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IU Bloomington Considers Transitioning To Gas From Coal

The public hearing on the energy master plan is scheduled next Monday at Whittenberger Auditorium in the Indiana Memorial Union.

Coal

Photo: Georgia Perry/ WFIU

IU isn't the only university burning coal. Mark Tucker releases steam from the coal-burning furnace in the Ball State University coal plant.

IU Bloomington is considering transitioning completely to natural gas instead of using coal to heat its facilities.

The Vice President for Capital Planning and Facilities Tom Morrison will present an energy master plan at a public forum Monday. A copy of the master plan, which still has to be finalized, says the campus power plant that currently burns coal should transition to natural gas because of pressure from environmental regulations that will likely take effect over the next 10 years.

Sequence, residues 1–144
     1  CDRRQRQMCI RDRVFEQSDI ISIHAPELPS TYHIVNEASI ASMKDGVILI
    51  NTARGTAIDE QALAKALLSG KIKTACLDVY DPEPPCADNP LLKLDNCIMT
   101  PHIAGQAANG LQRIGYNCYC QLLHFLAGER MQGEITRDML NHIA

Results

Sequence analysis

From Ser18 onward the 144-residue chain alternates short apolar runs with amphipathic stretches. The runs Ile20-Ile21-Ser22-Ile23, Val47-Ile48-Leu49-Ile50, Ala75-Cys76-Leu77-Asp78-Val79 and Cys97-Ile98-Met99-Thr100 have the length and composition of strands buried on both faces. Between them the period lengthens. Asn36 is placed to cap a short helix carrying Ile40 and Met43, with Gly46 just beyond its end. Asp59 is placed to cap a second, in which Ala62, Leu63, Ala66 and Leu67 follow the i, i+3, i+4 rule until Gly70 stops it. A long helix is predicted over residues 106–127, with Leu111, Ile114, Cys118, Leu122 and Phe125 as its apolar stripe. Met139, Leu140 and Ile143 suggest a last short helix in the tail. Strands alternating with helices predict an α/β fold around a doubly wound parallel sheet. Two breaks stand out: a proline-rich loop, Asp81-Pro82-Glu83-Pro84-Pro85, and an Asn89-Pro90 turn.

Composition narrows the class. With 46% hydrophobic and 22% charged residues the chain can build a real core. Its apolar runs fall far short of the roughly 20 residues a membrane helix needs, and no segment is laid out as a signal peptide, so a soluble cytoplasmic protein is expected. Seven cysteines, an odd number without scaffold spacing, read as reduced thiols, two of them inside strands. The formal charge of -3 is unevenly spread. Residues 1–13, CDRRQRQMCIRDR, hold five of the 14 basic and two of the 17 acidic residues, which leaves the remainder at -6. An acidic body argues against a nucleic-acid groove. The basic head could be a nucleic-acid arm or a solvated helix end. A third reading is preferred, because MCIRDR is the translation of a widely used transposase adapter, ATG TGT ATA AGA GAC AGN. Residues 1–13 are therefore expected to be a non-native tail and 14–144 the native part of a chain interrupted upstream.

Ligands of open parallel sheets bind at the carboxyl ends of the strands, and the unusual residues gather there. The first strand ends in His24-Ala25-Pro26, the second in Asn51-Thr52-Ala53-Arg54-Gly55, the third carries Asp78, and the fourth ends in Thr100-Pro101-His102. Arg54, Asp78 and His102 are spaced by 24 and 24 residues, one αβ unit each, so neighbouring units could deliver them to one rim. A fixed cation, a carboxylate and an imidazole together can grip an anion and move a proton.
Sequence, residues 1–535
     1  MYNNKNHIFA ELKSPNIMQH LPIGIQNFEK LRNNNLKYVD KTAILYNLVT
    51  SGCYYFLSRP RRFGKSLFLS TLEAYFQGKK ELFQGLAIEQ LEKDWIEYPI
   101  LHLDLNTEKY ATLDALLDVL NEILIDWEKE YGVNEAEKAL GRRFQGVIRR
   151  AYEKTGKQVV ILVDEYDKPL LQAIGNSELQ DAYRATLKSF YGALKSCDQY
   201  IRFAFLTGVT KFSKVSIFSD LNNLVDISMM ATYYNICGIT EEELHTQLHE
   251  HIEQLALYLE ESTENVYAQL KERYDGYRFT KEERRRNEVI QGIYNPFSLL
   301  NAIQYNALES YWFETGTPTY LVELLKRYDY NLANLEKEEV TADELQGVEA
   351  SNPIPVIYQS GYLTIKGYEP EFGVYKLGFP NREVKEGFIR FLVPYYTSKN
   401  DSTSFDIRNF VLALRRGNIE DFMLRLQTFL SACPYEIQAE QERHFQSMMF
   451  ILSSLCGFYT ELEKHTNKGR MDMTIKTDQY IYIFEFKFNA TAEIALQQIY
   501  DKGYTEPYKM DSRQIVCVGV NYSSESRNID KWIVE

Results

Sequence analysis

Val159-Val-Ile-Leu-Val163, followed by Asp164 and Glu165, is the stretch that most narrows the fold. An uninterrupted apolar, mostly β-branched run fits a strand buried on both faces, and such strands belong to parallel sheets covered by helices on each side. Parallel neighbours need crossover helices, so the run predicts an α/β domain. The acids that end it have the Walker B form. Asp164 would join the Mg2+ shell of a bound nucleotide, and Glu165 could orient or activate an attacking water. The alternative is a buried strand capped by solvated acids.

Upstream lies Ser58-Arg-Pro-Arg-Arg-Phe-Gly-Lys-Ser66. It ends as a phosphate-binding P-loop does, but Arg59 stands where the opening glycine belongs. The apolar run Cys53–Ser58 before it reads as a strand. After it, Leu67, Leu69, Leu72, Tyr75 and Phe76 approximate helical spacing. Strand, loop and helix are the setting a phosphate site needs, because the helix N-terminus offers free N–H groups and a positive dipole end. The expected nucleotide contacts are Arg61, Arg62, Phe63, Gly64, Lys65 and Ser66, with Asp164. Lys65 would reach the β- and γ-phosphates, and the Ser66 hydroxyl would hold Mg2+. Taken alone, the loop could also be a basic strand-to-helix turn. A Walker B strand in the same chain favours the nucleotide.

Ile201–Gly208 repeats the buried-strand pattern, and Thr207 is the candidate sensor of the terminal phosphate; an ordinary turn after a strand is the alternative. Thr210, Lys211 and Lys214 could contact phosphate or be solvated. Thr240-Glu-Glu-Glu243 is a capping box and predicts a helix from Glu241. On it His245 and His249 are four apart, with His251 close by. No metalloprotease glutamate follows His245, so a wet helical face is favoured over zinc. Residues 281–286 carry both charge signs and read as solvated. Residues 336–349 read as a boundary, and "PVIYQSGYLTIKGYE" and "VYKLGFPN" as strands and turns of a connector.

Vice President of Coal Free IU Lauren Kastner says her group hopes the university will seriously consider the input of students and faculty when finalizing the plan.

“The energy master plan is a huge accomplishment for the university.” Kastner says. “And Coal Free IU is actually responsible for encouraging the university to have this public forum. So that the public, students and faculty can really have input, and have the transparent administration within the university.”

The campus power plant has already made a partial switch to natural gas. IU spokesman Mark Land says the university cut its coal use this year because of changes in the energy markets.

“You can actually burn natural gas with our current system now. We have been doing that almost exclusively for the last several months, because natural gas prices have been lower,” he says.

Last year, IU Bloomington used around 60,000 tons of coal. Since then, the university plant has been burning about 80 percent natural gas and 20 percent coal.

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